It would be fatal to future harmony if the B.T.C. or the Executive were to create the impression that their elevated status would not permit them to make a direct approach to hauliers. In an article on pages 37-38 of this issue, a well-informed car respondent emphasizes the importance o f equality between the two partners in the operation of the country's transport system. Sir Cyril's statement offered new hope that this ideal might be achieved, although in certain respects it requires clarification. Acknowledging the large field left open to private hauliers,. Sir Cyril said that one of The Commission's tasks would be to see that the relationship between independent hauliers and the consolidated interests of the Commission was placed and maintained on a fair and proper basis.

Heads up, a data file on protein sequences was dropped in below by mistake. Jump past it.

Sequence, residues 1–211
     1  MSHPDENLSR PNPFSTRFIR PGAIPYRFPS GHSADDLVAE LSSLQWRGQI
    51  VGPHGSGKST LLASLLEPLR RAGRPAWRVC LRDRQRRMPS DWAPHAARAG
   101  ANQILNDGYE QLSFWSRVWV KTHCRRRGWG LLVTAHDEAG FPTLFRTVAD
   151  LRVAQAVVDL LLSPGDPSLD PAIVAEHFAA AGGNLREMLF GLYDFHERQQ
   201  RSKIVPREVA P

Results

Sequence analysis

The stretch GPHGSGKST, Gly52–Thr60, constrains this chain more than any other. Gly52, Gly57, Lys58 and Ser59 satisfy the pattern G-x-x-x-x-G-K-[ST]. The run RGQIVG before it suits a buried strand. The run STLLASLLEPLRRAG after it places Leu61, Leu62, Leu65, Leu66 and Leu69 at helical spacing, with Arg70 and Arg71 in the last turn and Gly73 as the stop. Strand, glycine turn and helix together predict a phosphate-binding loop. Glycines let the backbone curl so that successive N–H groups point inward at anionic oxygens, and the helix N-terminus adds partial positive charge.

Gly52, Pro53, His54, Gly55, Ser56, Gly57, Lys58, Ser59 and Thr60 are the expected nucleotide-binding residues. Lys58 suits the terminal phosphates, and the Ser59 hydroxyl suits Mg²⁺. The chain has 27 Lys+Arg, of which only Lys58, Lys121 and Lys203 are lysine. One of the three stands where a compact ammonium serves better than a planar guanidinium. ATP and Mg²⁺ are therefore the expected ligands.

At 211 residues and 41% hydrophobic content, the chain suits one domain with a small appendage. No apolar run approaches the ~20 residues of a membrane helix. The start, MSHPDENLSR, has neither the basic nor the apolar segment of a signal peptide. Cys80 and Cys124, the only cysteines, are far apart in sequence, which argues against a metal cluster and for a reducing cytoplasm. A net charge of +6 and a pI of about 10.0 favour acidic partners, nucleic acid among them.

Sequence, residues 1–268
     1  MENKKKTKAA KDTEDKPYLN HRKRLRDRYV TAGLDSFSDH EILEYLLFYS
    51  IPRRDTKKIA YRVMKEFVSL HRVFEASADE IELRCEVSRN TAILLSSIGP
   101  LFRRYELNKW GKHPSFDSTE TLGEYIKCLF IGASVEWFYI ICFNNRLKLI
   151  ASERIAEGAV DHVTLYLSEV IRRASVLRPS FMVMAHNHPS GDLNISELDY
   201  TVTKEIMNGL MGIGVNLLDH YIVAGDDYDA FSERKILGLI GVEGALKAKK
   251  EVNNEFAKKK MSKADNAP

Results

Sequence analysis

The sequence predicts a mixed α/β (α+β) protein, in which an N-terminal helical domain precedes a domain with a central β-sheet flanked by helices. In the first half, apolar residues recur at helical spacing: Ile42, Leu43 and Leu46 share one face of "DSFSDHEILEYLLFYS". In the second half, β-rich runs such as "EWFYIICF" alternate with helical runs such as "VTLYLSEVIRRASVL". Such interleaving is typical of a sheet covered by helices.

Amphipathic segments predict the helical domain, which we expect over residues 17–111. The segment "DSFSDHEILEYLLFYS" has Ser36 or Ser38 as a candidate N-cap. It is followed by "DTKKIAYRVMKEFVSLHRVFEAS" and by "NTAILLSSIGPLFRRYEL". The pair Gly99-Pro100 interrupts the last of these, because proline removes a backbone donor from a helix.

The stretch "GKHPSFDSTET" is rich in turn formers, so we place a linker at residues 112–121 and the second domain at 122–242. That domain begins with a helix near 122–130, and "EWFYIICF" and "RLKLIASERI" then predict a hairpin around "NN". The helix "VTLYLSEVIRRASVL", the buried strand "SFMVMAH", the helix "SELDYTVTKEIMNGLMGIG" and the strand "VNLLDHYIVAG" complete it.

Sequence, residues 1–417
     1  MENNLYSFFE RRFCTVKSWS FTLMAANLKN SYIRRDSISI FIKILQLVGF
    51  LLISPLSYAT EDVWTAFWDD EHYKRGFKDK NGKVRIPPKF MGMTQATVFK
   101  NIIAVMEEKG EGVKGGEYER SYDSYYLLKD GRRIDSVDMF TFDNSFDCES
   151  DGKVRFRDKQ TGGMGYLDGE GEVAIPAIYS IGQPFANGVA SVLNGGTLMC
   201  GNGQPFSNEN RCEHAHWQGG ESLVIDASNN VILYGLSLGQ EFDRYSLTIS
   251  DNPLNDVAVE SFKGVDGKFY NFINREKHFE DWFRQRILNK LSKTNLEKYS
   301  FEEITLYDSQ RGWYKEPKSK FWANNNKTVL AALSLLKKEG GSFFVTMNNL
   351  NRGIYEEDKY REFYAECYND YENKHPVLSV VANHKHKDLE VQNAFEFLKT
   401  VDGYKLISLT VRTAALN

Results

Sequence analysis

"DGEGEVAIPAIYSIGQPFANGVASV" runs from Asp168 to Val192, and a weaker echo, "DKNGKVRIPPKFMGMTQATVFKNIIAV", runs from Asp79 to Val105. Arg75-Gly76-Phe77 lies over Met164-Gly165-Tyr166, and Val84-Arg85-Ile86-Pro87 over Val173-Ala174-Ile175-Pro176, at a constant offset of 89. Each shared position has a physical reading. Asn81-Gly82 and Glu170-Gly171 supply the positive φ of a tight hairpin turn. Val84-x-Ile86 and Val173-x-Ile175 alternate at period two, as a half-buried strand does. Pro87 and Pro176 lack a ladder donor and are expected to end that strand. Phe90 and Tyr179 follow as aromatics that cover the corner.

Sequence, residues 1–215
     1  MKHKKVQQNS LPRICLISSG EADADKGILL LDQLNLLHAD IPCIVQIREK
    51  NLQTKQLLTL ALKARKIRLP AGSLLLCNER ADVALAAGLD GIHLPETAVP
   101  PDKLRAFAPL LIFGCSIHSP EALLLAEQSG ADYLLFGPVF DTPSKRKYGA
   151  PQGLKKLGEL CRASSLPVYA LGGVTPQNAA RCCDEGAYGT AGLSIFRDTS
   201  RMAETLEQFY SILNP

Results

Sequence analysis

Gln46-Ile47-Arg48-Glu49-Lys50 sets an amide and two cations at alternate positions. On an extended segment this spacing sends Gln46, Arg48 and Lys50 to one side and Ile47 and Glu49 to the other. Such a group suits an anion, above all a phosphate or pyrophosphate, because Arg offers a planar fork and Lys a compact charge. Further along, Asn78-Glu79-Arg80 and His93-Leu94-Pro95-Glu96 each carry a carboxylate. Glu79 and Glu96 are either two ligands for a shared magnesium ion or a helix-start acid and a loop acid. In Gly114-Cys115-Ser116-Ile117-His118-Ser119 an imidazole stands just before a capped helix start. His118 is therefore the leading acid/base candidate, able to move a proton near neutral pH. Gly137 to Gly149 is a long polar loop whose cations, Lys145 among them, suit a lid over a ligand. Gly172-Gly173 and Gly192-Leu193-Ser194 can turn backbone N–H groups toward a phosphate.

Further Explanation Needed His next phrase, "With the necessary reservation that we cannot divert the intentions of Parliament, we intend that the fullest use will be made of the R.H.A.," requires further explanation. At the best of times it is not easy to define precisely the intentions of a second party, but in a case as complicated as the Transport Act, the task is doubly difficult. The Act merely lays down a broad pattern to be followed in the integration of inland transport, and the filling-in of the detail is left to the Commission. The most suitable design to be adopted within the general fabric is open to debate, but inevitably hauliers must accept the Commission's interpretation of Parliament's intentions.